Jun 4, 2007

On Energy Drinks and Hypercapitalism

Me, a raving, full-blown caffeind

I drink the occasional energy drink in addition to the copious amounts of coffee and espresso I consume. I am not sure if such beverages bring forth the increased alertness promised in the advertisements, but I figure the smidgen of vitamins and minerals added to some of these drinks have some benefit.

Yet I also wonder about a world in which people like me feel driven - nay, compelled - to maintain superhuman levels of energy at all hours of the day. The historical analogy that comes to mind is the the use of cocaine by the Spaniards to improve mine worker productivity.

Americans live in a world in which those who want to take a day off from work are seen as indolent slackers. Many people work multiple jobs to make ends meet, and that is just to be able to pay the bills and salt away a bit for retirement.

Those who question this sorry state of affairs - or who have the audacity to tell the truth and call modern hypercapitalism "madness" - are dismissed as anarchists or Marxists. If you doubt this, try bringing up this conversation about work at a social gathering; people will slowly inch away from you, either because they suspect you to be subversive or because the truth you bear is too frightening to contemplate.

There was a day not so long ago when a family could live quite comfortably on one income. These days, a family considers itself fortunate if the breadwinners only have to work one job apiece. I think the new norm for a couple must be something like two full-time jobs and one part-time job between them.

I know, I know - gotta run, gotta get back to work, gotta get a cup of coffee, don't have time to listen to some idealistic dreamer. And, to tell you the truth, I'm not sure I have enough time to write any mo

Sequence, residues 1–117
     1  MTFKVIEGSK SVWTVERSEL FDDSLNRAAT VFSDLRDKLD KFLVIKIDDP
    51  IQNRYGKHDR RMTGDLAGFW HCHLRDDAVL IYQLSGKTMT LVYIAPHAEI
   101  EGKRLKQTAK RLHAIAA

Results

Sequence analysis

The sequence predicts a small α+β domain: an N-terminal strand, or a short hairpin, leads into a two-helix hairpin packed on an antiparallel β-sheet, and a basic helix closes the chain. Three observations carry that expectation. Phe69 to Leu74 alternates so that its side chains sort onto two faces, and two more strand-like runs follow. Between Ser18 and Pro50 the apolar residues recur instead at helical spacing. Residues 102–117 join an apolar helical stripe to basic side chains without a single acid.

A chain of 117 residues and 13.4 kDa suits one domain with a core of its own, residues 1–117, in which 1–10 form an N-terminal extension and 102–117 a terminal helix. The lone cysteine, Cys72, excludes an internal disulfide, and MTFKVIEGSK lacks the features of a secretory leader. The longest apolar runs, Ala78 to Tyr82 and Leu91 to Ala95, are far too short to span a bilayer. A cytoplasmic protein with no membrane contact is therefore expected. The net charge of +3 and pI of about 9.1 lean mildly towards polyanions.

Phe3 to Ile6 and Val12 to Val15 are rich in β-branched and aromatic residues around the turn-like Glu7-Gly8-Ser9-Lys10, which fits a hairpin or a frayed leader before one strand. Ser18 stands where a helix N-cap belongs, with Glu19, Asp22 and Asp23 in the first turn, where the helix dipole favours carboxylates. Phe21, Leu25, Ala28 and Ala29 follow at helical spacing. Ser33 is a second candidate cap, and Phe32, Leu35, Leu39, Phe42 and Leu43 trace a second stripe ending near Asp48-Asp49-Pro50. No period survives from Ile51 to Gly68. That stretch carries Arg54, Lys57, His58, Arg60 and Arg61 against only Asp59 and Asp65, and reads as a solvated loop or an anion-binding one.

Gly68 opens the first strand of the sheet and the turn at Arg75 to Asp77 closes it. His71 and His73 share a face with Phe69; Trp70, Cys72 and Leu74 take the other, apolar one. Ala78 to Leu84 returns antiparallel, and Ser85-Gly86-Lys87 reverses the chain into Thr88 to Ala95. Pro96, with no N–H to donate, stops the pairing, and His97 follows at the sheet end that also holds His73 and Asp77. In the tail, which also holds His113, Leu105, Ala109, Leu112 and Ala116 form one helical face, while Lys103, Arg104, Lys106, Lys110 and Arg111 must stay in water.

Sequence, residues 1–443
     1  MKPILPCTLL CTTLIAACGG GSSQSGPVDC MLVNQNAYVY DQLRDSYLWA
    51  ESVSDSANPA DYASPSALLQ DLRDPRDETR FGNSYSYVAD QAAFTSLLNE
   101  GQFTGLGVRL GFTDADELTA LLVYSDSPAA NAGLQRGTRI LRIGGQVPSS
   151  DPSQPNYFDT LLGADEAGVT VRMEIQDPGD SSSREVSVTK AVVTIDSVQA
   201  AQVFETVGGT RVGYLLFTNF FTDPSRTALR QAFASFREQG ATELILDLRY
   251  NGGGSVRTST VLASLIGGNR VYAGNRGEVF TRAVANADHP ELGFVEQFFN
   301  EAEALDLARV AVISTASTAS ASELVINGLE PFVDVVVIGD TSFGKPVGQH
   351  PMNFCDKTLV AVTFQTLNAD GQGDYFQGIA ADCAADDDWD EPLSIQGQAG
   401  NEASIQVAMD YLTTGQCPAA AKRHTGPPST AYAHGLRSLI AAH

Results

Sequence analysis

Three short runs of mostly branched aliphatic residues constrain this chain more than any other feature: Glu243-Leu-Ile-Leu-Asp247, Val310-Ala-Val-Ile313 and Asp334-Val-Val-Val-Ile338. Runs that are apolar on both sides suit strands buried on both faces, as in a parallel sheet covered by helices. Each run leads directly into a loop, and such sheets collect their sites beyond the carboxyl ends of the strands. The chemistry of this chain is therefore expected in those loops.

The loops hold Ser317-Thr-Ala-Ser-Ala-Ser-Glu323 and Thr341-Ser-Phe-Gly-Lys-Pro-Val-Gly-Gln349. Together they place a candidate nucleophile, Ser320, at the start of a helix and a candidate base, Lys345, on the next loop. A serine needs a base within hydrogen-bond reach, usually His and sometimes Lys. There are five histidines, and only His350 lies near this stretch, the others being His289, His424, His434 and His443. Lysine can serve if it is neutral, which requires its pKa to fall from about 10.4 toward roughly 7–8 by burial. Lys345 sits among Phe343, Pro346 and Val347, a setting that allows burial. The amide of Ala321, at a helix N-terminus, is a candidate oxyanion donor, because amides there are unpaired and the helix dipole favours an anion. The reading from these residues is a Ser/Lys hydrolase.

Anonymous said...

Nice finish, almost thought it was a typo.


Roberta said...

Amen, brother. Re: this and the post on Quiet Spaces, let me offer a sad example:
Today is my high school daughter's first day of summer vacation, and she *feels guilty* this morning for reading a book that is not part of any teacher's required reading list. Reading for sheer pleasure, apparently, is now a foreign concept in the absurdly high-pressure/high-stakes laboratory that is high school. Are we all just fresh horses in this Pony Express world...? Sigh.

historymike said...

Thanks, JD. Glad someone noticed the gimmick.

historymike said...


You raise an important point, and one with which I am struggling as I chase after my PhD. Every book I read that is not geared toward modern European history is time spent away from preparing for my dreaded comprehensive exams next spring.

Still, if all we read were parts of the required canon, we would never grow as readers, writers, or thinkers.

I like the "fresh horses" analogy, too...

Hooda Thunkit said...

Clever ending Mike :-)

Can't imagine how grueling the reading requirement for a PhD these days is.

Recreational reading has to be what keeps you from losing it.